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Shakespeare Observed
Studies in Performance on Stage and Screen
Samuel Crowl
Ohio University Press, 1993
In this lively study of both modern film and stage productions of Shakespeare, Samuel Crowl provides fascinating insights into the ways in which these productions have been influenced by one another as well as by contemporary developments in critical approaches to Shakespeare's plays.

Crowl’s study demonstrates the surprising resonances between Roman Polanski's 1971 film of Macbeth and Adrian Noble's heralded recent production of the play for The Royal Shakespeare Company; argues that Orson Welles's films of Othello and Cabins at Midnight are not only brilliant remaining of Shakespeare in another art form but make a powerful contribution to our contemporary understanding of performance as interpretation; and chronicles the impact of Peter Hall's creation of the Royal Shakespeare Company in 1960 on performance approaches to Shakespeare in the past thirty years.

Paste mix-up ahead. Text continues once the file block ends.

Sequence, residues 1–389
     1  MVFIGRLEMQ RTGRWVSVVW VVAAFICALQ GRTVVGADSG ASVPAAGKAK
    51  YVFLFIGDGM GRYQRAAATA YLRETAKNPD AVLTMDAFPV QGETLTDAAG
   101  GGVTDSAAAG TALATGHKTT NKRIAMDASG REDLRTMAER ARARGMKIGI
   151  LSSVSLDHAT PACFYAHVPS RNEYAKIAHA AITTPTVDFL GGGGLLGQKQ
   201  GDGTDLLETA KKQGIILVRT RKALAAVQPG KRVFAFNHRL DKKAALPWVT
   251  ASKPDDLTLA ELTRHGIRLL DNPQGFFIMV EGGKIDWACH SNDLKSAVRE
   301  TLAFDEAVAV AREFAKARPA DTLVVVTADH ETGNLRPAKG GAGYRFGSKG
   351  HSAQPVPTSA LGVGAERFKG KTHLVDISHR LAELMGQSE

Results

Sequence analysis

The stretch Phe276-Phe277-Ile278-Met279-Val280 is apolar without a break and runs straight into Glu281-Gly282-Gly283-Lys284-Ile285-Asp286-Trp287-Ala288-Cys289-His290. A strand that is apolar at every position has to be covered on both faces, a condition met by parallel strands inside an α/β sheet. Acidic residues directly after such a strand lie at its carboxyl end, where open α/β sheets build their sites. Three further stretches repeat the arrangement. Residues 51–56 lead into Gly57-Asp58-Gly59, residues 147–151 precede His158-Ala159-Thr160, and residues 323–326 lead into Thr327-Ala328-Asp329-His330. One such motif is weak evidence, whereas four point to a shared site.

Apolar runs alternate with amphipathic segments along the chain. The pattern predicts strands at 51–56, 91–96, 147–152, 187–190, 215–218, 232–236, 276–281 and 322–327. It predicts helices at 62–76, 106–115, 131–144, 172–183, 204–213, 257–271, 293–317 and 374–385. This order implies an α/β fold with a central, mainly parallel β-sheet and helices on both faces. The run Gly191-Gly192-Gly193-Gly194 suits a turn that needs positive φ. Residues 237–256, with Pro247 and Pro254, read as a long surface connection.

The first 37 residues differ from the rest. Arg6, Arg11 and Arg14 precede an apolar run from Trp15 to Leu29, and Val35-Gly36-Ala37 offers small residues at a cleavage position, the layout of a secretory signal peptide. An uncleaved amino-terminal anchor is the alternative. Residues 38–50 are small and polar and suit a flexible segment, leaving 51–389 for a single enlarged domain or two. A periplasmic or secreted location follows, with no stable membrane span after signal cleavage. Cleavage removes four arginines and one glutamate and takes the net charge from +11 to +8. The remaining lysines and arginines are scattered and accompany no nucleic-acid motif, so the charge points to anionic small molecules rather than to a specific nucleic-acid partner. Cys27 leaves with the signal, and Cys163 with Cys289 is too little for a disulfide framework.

Shakespeare Observed provides full interpretative readings of key recent Shakespeare productions in England and includes an intimate behind-the-scenes glimpse into the rehearsal process which produced Ron Daniels's emotionally charged version of Romeo and Juliet for the RSC in 1980. The final chapter uses Kenneth Branagh's highly successful film of Henry V as a summary example of the trends and influences Crowl's study traces, seeing the film as gathering its interpretative energies from both Olivier's famous film version of the play and Adrian Noble's stage production featuring Branagh as the king.

Written in a style which places a premium on capturing the vivid and often dazzling moments of stage and film performances of Shakespeare, Crowl's study will be of interest to the avid film and theatergoer as well as to the scholar and student. Shakespeare Observed joins a growing list of recent critical works which have significantly expanded and redefined the boundaries of Shakespeare studies in our time.